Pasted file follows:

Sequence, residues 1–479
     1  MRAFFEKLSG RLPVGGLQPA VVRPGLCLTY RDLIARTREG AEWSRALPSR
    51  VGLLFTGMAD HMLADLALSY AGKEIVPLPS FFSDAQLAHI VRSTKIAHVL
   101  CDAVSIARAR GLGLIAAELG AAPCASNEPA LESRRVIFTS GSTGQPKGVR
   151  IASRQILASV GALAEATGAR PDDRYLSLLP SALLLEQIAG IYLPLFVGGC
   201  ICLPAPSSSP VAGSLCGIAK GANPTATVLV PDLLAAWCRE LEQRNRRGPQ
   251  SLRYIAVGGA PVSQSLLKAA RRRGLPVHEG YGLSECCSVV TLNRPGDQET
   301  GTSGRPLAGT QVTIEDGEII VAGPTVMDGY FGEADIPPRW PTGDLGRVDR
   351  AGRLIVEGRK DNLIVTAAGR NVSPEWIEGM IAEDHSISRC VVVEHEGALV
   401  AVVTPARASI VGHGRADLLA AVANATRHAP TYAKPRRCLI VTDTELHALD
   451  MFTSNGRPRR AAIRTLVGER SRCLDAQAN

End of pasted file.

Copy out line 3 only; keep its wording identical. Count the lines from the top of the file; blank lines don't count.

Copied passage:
    51  VGLLFTGMAD HMLADLALSY AGKEIVPLPS FFSDAQLAHI VRSTKIAHVL